What I noticed last night was that not only are we on a schedule (although, not yet keeping to it as perfectly as we would like) so is the wind. We rise begin cycling and almost like clockwork the wind begins picking up during the 8am hour and continues on until somewhere in the 9pm hour (there roundabouts); seriously! It’s done it for the last 4 days that I’ve noticed. Hopefully, it won’t prove me wrong tomorrow.
So, after a beautiful sunset last night there was a storm coming thru the campsite at Northpointe Recreation Center but it wasn’t the type we normally experience out east. It was a dry lightning storm. We battened down the tents and listened as the wind rustled and whipped everything in its path. When asked what they thought about the storm the girls answered “what storm?” Seems they slept right thru it. It must be great to not have a care in the world.
The morning’s ride began with an uphill out of the park. It was a fitting warm up; just enough of an incline to wake you up and not have you mind it so much. Being DFL Leader (DF2L) I now have a DFLL in-training with Itza, my co-pilot. Suepinda was able to join us today and we all rode DFL with dragonflies buzzing about us like dolphins to a ship. We had a combine truck pass us and we did something different in moving onto the other side of the road since he was taking up much of the shoulder and road at the same time. I think he appreciated that, as did we.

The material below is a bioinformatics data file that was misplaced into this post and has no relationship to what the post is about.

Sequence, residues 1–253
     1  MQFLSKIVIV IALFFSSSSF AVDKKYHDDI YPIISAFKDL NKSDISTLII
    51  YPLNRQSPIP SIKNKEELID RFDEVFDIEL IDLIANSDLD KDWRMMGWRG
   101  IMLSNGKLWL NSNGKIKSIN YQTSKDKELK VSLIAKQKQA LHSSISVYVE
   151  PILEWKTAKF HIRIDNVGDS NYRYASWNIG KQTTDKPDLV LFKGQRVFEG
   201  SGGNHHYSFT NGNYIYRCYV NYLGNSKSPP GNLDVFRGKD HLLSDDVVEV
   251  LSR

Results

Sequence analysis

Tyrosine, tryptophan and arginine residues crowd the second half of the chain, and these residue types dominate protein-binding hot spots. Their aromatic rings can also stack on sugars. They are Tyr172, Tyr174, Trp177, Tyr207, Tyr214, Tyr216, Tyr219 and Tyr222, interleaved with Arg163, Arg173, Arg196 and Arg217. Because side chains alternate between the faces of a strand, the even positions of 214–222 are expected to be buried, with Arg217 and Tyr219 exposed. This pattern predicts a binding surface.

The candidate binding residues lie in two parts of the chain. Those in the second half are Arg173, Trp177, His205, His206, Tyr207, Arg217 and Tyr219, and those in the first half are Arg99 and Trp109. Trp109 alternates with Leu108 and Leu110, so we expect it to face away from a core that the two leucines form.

With the wind in our faces the three of us caught up with Kate and rode beside her for a number of miles. Itza and I started a game to break up the monotony by racing downhill as fast as we can while I call out the current speed. We were impressed with our best time of the morning with 37 mph; an improvement from yesterday’s robbery of 24.9 mph. But eventually we found another hill where we were able to get up to 40 mph. Suepinda and Kate got up to 37 mph. Their best time to date! We didn’t tell them that 40 was faster than 37, but I think they knew.
Me being a lover of grande vistas I took lots of pictures but realized they meant nothing without the context of a cyclist in the picture. Oh well. But South Dakota, I would say, is home to the rolling hillsides. Miles and miles of rolling hills. What a site. I can’t wait until I see mountains in the background or grande vista. Working on my Spanish this summer: learned to say “Hola, vaca negra, hola, vaca kaffe”